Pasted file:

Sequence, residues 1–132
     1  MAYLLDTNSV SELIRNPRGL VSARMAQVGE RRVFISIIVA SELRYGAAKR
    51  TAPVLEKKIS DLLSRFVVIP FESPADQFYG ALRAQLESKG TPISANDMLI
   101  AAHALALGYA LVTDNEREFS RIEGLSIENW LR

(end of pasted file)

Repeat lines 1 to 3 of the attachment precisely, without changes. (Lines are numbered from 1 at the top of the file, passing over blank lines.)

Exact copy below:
Sequence, residues 1–132
     1  MAYLLDTNSV SELIRNPRGL VSARMAQVGE RRVFISIIVA SELRYGAAKR
    51  TAPVLEKKIS DLLSRFVVIP FESPADQFYG ALRAQLESKG TPISANDMLI